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Millions of Americans depend on trains and subways to get them where they need to go safely and efficiently. Railroads are used mainly for long-distance travel. Most major American cities have some sort of subways or metro system that commuters rely on as an integral part of public transportation. Sometimes, these modes of transportation can be risky. Train doors can close unexpectedly, feet can get caught, there can be catastrophic crashes and derailments, and employees can be negligent. All of these factors makes the risk of accidents or injury real. If you have been hurt on a train or subway, you may be able to file a lawsuit against the train or subway operator and collect compensation for your pain and suffering. To get started, fill out this short form.
Rail transport is one of the most energy efficient means of mechanized land transport. The rails provide very smooth and hard surfaces on which the wheels of the train may roll with a minimum of friction. As an example, a typical rail car can hold up to 125 tons of freight with this and the weight of the car on two four-wheel bogies. Fully loaded, the contact between each wheel and the rail is the space of about one U.S. ten-cent piece. This is more comfortable than most other forms of land transport and saves energy. Trains also have a small frontal area in relation to the load they are carrying, which cuts down on air resistance and thus energy usage. In all, under the right circumstances, a train needs 50-70% less energy to transport a given tonnage of freight (or given number of passengers), than does road transport. Furthermore, the rails and sleepers distribute the weight of the train evenly, allowing significantly greater loads per axle/wheel than in road transport.
Trains can travel at very high speed, are heavy, are unable to deviate from the track and require a great distance to stop. There are many opportunities for an accident to occur: jumping the track (derailment), head-on collision with another train coming the opposite way and collision with an automobile at a level crossing are all possibilities.. Level crossing collisions are relatively common in the United States where there are several thousand each year killing about 500 people.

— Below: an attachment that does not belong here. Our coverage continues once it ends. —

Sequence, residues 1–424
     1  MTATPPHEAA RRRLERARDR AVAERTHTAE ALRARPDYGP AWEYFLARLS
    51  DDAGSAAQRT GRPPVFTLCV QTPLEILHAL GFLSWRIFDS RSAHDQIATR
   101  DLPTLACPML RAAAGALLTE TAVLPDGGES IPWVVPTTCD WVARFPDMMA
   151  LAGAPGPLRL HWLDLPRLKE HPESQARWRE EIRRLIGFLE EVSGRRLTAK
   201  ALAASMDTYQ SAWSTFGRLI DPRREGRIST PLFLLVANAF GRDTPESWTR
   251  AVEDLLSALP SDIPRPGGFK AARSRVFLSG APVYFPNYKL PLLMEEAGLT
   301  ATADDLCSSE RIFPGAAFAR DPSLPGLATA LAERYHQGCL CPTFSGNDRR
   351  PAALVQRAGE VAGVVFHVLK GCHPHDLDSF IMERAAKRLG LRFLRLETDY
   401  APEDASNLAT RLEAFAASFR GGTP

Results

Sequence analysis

A rapid transit, underground, subway, elevated, or metro system is a railway system, usually in an urban area, that usually has high capacity and frequency, with large trains and total or near total grade separation from other traffic.
There is no single term in English that all speakers would use for all rapid transit or metro systems. This fact reflects variations not only in national and regional usage, but in what characteristics are considered essential. One definition of a metro system is as follows: an urban, electric mass transit railway system totally independent from other traffic with high service frequency. But those who prefer the American term "subway" or the British "underground" would additionally specify that the tracks and stations must be located below street level so that pedestrians and road users see the street exactly as it would be without the subway; or at least that this must be true for the most important, central parts of the system. Conversely, those who prefer the American "rapid transit" or the newer term "metro" tend to view this as a less important characteristic and are pleased to include systems that are entirely elevated or at ground level (at grade) as long as the other criteria are met. A rapid transit system that is generally above street level may be called an "elevated" system (often shortened to el or, in Chicago, 'L'). In some cities the word "subway" applies to the entire system, in others only to those parts that actually are underground; and analogously for "el".
In larger metropolitan areas the metro system may extend only to the limits of the central city, or to its inner ring of suburbs, with trains making relatively frequent station stops. The outer suburbs may then be reached by a separate commuter, suburban, or regional rail network, where more widely spaced stations allow a higher speed. These trains are often more expensive and less frequent, sometimes operating only in rush hours, and sometimes for political reasons they are operated by a separate authority that tends not to cooperate with the city's transit authority.
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